Rochelle Currie is a Melbourne based creative with a love for travel, design and style. She is also a wife, mum to Willow and musician.

Mirror Mirror.

Mirror Mirror.

Mirrors show us what we look like, not who we are. - Aaron Ferguson

This is a post I have been thinking about doing for a long time, but I guess I haven’t had the courage to pen the words I’m about to share with you.

So why am I sharing now? I had a revelation around the time my daughter, Willow, was born; things that are kept a secret, hold their power.

For as long as I can remember, I have struggled with an eating disorder.

You probably wouldn’t have ever noticed, maybe now that you’ve read these words you may think you could have seen the signs, but the truth is secrets and lies share the same DNA and for a long time, I have been very good at both.

“Oh sorry I took so long, there was a massive line at the bathroom.”

“I ate a massive lunch before I got here so I’m not hungry right now, I’ll just have a coffee.”

These are some of the lies that have escaped my mouth in the past, and if you’re someone I love and spend time with – I’m sorry, you’ve probably been a victim to one of them.

I was a chubby little child growing up and have had a soft spot for anything sweet my whole life. My mother said I gave her gestational diabetes when she was pregnant with me, because all she craved was cake.

My eating disorder didn’t start however until I was 12. I turned to food for comfort because I experienced bullying, a traumatic experience and a whole lot of self hate, and after having Willow these things absolutely TERRIFY me.

In my 27 years of life, I have been overweight, bulimic and at one point, anorexic. I was obsessed with weighing myself and seeing those numbers decline.

I have been admitted to hospital with dangerously low levels of potassium and visited multiple doctors and specialists.

At times, I would get on the treadmill at 3am because I was fearful that the hot chocolate I had with a friend would mean weight gain. Or spend hours and hours at the gym trying to burn as many calories as I could before I left.

It was never about food, it was about control and at times being out of control. Being obsessed with achieving the ‘perfect weight’ or ‘perfect size’, yet these goals were never actually achievable because nothing was ever good enough.

So why am I sharing this? Because I don’t think it’s talked about enough.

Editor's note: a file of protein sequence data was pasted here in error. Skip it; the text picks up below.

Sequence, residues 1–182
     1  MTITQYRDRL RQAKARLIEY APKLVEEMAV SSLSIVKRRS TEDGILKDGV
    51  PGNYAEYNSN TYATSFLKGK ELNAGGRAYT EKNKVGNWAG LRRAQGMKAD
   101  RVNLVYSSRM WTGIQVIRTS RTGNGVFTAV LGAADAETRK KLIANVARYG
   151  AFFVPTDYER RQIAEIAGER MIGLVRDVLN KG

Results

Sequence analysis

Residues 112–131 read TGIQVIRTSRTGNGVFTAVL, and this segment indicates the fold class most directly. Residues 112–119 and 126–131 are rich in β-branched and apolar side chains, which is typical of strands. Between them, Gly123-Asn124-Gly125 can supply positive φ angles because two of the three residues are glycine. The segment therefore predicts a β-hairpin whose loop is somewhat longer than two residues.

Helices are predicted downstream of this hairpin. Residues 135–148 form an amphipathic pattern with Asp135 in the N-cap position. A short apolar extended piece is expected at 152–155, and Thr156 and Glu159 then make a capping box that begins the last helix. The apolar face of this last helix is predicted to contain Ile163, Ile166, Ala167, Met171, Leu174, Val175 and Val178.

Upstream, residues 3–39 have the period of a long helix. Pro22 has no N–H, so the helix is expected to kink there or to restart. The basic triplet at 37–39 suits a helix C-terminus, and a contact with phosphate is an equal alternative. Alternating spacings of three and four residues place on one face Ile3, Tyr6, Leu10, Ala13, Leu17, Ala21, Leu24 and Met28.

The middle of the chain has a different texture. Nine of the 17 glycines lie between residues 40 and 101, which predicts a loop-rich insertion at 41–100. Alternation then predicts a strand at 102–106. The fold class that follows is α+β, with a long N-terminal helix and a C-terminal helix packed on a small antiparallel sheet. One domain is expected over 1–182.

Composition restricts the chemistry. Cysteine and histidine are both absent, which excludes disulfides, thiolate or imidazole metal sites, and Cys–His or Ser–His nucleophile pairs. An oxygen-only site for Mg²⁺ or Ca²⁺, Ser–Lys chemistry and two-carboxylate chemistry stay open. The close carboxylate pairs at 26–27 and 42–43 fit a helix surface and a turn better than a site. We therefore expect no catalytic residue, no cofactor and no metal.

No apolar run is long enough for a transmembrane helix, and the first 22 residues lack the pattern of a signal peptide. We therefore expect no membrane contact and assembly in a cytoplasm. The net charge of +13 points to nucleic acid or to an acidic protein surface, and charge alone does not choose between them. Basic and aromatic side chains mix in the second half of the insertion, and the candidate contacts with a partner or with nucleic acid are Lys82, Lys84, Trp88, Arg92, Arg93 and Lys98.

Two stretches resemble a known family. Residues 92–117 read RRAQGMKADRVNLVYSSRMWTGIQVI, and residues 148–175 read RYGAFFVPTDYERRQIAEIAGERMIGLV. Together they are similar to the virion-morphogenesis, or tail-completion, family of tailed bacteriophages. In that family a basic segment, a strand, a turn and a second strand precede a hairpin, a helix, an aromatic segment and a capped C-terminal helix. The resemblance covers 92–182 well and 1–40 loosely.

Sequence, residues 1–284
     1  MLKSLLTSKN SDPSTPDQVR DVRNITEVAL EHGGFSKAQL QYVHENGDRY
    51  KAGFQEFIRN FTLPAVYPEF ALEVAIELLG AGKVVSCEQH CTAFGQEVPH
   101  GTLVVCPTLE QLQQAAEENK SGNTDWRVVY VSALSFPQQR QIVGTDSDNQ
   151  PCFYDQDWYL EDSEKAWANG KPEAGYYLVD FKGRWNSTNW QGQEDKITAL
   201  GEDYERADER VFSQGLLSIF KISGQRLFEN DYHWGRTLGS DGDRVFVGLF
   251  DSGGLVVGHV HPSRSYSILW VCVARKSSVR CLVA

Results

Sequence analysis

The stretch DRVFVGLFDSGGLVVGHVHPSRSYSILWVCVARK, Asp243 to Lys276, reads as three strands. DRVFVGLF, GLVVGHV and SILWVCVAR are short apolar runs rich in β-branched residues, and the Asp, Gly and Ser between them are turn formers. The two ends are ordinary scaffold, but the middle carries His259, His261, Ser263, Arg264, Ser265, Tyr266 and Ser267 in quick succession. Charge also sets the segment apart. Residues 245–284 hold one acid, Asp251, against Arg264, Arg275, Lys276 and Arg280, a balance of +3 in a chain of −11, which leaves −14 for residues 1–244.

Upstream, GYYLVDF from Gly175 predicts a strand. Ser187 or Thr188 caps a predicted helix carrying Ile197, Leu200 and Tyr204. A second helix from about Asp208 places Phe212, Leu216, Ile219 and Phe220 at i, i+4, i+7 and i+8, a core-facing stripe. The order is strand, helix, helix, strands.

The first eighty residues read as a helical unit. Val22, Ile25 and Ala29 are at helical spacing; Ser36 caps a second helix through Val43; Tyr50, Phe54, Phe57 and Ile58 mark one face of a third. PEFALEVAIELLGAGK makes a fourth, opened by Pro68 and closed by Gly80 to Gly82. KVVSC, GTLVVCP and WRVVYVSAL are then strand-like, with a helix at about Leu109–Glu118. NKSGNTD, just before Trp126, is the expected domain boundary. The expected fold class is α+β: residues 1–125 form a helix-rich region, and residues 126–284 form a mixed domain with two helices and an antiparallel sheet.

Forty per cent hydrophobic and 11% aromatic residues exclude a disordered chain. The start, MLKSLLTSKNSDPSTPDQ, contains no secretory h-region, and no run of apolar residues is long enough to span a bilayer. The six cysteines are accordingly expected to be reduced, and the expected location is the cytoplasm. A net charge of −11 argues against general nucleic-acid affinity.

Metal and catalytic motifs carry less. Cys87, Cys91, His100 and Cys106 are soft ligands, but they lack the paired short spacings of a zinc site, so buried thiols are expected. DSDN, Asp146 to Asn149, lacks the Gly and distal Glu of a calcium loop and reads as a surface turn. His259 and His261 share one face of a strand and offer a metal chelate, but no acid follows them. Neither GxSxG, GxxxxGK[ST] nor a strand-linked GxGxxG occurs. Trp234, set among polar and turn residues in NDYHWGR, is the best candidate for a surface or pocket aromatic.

It’s a topic that’s a little bit uncomfortable and a little bit embarrassing to admit, yet it’s absolutely life draining. It’s exhausting, it’s tiring, it’s confusing, it’s damaging, it’s painful and you are worth so much more.

There have been multiple (and when I say multiple, I mean like hundreds) occasions where I committed to getting better. Telling myself repeatedly that this would be the last time I throw up, count my calories or weigh myself and yet I know that the follow through of this is so hard when you’re trying to do it on your own.

For a long time I believed I wasn’t ‘sick’ enough to need help, or that I didn’t really have an eating disorder because I didn’t throw up every day.

But it wasn’t until I admitted to myself that I had a problem and sought out to get professional help that things started to shift in my life.

To anyone struggling with an eating disorder, please know that there is help available. I’m in no way a medical professional, but I know the help I received from both a psychologist and life coach was quite literally life changing. (Please see the end of this post for a list of where you can seek help.)

So, am I better? In all honesty, I still have bad days. I’m so much better than I was a few years ago, but I guess I am still recovering. I realised that I didn't want to look back on my life and think about how I spent all this time trying to achieve this fantasy of being perfect, I wanted to live and experience my life. Embrace its wonder and be present in each of its moments.

The road to recovery looks different for everyone, for some it's a smooth road with ocean views and for others its bumpy, windy and has detours along the way.

In all honesty, it may take months or years for that voice in my head to go down – but having people around me to keep me accountable has been the best thing I have ever done.

I’ve read about alcoholics who are 20 years sober and continue to go to AA meetings to ensure they stay on that path of sobriety.

There’s something about being accountable that empowers you – when secrets come out, they lose their power.

If you are struggling with an eating disorder, please know that you are not alone. You are a beautiful and incredible individual and your life is worth so much.

There is help available, if you're in Australia the following is available to you:

  •  National Eating Disorder Collaboration, they even have a hotline you can call (1800 33 4673).
  • Your local GP can provide you with a mental health plan which you can use to see a psychologist with the assistance of Medicare.

My life coach/mentor/amazing friend/life saver Bethany Lentz Murdock has been instrumental in my recovery and I am so incredibly grateful for her voice in my life. If you would like to go down the path of life coaching, please feel free to contact her via her website.

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